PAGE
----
MedReleaf workers fight for right to unionize

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Courtesy of Cannabis Life Network

The fight to win union rights for Canadian medical cannabis workers has entered a new chapter with hearings underway at Ontario’s Agriculture, Food, and Rural Affairs Appeal Tribunal for workers at MedReleaf, a licensed producer in Markham with approximately 50 employees.

Employees at the LP have been trying to join UFCW Canada (United Food and Commercial Workers union) for nearly two years. The struggle began in May 2015 when workers at the 55,000 square foot marijuana production facility contacted the trade union to look into joining. After a majority of MedReleaf wstaff chose to sign union cards, UFCW Canada applied for certification at both the provincial and federal labour boards.

But shortly after the applications were filed, the federal labour board ruled that it did not have jurisdiction over the matter, despite the fact that medical cannabis production is tightly regulated by both Health Canada and the RCMP.

Within days of the federal ruling, MedReleaf reportedly began firing the leaders of the union drive. UFCW Canada in turn filed charges of unfair labour practices against the LP at the Ontario Labour Relations Board. Before the hearings into the charges began, the provincial labour board deemed the workers to be agriculture workers in December 2015, despite the factory-like dynamic of many medical cannabis facilities.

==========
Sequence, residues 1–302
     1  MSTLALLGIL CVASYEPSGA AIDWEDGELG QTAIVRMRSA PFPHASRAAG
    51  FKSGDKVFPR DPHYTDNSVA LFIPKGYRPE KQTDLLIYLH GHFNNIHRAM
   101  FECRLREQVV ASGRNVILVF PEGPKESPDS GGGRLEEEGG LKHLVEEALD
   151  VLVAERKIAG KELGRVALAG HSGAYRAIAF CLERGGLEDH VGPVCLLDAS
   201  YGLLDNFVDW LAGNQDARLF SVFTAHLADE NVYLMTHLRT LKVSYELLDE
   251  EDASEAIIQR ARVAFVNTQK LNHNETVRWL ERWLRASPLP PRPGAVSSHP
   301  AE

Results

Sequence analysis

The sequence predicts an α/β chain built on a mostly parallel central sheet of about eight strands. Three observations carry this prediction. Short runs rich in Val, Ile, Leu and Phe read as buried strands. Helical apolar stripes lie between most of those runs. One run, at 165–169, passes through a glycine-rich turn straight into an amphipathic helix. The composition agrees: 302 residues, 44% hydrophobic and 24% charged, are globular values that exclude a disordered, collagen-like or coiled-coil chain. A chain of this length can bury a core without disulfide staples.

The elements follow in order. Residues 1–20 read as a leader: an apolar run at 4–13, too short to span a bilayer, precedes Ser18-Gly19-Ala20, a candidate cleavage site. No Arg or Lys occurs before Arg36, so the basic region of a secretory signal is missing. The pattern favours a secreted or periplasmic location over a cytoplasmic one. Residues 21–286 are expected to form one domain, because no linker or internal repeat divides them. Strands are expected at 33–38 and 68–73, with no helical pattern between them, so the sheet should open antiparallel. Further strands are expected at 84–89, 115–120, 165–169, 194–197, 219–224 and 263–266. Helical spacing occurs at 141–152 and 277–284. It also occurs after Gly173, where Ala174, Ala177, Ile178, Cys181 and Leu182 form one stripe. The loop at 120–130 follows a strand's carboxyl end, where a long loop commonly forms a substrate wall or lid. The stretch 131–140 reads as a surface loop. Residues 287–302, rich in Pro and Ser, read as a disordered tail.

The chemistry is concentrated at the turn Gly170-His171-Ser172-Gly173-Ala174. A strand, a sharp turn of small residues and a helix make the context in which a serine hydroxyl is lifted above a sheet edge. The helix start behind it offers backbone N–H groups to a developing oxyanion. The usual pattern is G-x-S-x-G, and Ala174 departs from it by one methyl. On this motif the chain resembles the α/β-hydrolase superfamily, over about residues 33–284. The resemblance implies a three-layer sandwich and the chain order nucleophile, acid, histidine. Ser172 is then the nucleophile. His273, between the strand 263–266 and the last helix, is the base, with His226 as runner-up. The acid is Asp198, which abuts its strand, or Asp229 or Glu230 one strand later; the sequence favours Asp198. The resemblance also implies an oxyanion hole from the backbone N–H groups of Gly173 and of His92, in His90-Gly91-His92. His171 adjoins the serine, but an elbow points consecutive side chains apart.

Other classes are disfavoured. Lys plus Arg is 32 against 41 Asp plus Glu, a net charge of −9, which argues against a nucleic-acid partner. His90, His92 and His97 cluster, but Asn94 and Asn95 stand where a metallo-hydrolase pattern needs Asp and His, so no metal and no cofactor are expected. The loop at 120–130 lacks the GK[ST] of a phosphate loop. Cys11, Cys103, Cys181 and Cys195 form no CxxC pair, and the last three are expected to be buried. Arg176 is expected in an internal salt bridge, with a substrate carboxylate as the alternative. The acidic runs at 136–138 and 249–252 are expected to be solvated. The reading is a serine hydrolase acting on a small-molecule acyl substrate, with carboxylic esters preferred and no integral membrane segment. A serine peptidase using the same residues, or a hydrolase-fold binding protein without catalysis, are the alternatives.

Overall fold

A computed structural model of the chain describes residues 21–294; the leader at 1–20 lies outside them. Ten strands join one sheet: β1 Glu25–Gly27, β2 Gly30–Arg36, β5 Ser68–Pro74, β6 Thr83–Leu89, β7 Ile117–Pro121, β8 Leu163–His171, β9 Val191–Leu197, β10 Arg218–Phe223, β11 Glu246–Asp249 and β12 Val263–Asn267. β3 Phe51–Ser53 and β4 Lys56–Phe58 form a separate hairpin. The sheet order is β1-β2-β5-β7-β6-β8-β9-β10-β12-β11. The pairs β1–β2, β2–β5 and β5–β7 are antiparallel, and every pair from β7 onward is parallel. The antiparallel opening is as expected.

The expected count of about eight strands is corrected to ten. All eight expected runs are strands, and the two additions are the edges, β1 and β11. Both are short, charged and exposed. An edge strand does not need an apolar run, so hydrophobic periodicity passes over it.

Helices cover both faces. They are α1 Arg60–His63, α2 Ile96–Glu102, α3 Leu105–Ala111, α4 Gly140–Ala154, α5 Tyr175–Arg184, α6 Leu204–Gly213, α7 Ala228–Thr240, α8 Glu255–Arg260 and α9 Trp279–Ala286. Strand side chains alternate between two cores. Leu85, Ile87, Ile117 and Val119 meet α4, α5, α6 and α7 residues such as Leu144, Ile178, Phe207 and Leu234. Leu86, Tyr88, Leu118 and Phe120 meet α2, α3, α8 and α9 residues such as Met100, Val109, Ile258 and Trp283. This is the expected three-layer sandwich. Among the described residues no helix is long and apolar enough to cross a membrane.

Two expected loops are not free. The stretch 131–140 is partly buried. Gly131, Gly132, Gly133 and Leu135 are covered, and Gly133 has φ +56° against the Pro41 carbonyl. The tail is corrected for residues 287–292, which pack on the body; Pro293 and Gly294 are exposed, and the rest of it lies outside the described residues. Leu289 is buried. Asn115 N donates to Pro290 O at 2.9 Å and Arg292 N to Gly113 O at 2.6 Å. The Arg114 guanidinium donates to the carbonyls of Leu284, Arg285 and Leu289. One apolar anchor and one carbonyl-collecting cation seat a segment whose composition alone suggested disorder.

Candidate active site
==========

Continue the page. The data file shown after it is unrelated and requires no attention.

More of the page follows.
“This is about achieving justice for all cannabis workers,” says Philip Manorath, one of the leading pro-union voices at MedReleaf and the first to be terminated following the organizing campaign. “There is no reason why cannabis workers should be denied the right to form a union and bargain collectively, when every other worker in Ontario has the right to do so.”

Since agriculture workers in Ontario are excluded from the provincial Labour Relations Act, the Board’s ruling effectively stripped workers of the right to unionize and bargain collectively. Soon after the provincial ruling, MedReleaf terminated even more union supporters. To date, 11 union supporters have been terminated by MedReleaf, including all of the leaders who started the organizing campaign.

Having been rejected by both the federal and provincial labour boards, the only avenue left for MedReleaf workers is the AFRAA tribunal. The tribunal is available to any agricultural worker whose right to freedom of association has been violated. However, this is only the second time in history that the concerns of workers seeking to bargain collectively have been heard by the tribunal.

The tribunal has begun twelve days of hearings in Toronto. Should the tribunal rule in favour of the union, UFCW Canada hopes that the workers will be reinstated with full back-pay, and that the company will be legally obligated to negotiate a collective agreement with the union.

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